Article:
From the foundation of the Irish College in Leuven by the Franciscans in 1607 till the present day, thousands of people have passed through our doors in the hopes of furthering their knowledge. Last week we had the pleasure of hosting a group of law students from the National University of Ireland Galway and amongst the various activities planned for them during their stay was a trip to Luxembourg City to visit the European Court of Justice and the European Investment Bank.
After clearing security upon arrival in Luxembourg the group was brought to one of the courts chambers so as to view a retransmission of a recent case heard. As this was a Spanish case the students were shown how the courts intricate translation system worked and due to the Judges use of French, how fast these translations had to be made by the team involved.
A round table meeting with Mr. Eugene Regan (President of Chamber), Mr. Colm Mac Eocaidh (Judge at the general court), Mr. Gerard Hogan (Advocate general) and President of the court of justice Mr. Koen Lenaerts gave the students a fantastic chance to tap into the vast experience of some of Ireland and Europe's finest judicial minds. Talking about certain cases, the difficulties they had faced, how they felt like they were genuinely making a difference in helping to improve the lives of everyday Europeans and answering any questions the students had about the judicial process and other topics with questions pertaining to disability law and employment accessibility being of most importance to the group. Lunch was then served and Mr. Hogan stayed to chat and answer any further questions the students had.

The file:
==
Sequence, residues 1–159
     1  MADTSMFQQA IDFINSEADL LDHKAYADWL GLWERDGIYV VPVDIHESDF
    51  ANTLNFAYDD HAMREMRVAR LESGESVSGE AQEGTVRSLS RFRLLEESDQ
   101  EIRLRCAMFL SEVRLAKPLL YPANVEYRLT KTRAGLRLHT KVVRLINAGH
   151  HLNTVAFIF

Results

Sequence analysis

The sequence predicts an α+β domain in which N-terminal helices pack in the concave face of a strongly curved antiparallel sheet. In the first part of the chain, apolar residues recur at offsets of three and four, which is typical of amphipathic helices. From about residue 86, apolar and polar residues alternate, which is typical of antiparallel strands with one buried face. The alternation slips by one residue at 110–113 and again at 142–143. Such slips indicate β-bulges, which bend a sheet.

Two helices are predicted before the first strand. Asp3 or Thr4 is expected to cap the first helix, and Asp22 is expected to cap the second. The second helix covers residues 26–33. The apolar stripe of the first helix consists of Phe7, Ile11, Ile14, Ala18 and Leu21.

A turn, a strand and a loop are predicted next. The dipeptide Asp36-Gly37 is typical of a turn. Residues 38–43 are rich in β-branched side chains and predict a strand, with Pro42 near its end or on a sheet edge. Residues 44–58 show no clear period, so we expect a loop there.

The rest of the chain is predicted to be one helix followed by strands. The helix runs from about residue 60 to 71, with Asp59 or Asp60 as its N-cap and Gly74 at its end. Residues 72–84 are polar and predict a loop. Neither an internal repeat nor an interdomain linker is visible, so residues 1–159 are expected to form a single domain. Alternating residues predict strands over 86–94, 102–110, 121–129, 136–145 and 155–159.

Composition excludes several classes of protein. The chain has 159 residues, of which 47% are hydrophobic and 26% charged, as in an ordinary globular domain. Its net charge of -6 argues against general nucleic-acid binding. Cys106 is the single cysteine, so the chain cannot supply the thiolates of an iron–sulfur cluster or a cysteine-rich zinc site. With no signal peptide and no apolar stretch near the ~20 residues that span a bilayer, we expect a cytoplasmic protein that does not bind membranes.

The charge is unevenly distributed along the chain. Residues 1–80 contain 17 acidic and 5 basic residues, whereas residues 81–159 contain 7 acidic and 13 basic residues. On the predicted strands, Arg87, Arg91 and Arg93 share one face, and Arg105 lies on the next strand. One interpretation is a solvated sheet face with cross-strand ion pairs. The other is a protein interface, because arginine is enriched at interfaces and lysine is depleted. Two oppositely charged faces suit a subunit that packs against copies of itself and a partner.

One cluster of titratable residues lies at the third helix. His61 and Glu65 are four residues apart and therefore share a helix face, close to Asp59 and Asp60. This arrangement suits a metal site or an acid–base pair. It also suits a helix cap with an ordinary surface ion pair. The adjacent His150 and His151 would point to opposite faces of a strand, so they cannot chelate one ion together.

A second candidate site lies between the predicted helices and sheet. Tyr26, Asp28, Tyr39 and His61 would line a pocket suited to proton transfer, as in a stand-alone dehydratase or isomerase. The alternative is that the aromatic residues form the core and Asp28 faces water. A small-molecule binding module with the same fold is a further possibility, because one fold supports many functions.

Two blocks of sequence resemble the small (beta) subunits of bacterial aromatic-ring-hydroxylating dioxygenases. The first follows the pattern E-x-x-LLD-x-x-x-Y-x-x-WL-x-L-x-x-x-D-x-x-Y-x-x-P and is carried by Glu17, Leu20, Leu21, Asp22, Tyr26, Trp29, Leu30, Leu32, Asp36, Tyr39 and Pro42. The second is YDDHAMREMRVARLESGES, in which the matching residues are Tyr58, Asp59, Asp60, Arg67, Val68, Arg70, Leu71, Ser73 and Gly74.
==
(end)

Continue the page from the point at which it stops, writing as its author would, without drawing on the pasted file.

Finally, the group was brought to the Courts grand chamber, the centre of European Justice before making the short journey to the European Investment Bank situated across the road from the ECJ. Upon arrival the students were brought to their presentation room and were introduced to one of the banks press officers Tim smit, who then gave a presentation on the history of the bank and an explanation of its activities and the work that they do. Brendan McDonagh an Irish secondee to the EIB then gave a talked on the types of projects funded by the EIB and gave a number of Irish examples including a 60 million Euro loan received by NUIG for the redevelopment of its campus and an investment of 40 million Euro into Irish Agri tech company Devenish Nutrition, the banks largest ever investment in the Irish Agri-business sector. The EIB’s Advisory Hub was then discussed. The Hub is designed to act as a single access point to various types of advisory and technical assistance services. It supports the identification, preparation and development of investment projects across the European Union by the bank’s advisors working directly with the organisations and businesses involved to create tailor made packages to support their projects.
- Dylan Lynch